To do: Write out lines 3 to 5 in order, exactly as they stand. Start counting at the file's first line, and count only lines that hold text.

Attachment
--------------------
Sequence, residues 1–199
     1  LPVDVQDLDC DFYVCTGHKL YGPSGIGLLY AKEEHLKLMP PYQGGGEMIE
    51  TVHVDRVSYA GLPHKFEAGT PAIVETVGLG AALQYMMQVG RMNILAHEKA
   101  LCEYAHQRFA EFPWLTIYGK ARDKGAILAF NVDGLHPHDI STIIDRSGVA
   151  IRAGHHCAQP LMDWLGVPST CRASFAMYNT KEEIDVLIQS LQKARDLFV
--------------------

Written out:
    51  TVHVDRVSYA GLPHKFEAGT PAIVETVGLG AALQYMMQVG RMNILAHEKA
   101  LCEYAHQRFA EFPWLTIYGK ARDKGAILAF NVDGLHPHDI STIIDRSGVA
   151  IRAGHHCAQP LMDWLGVPST CRASFAMYNT KEEIDVLIQS LQKARDLFV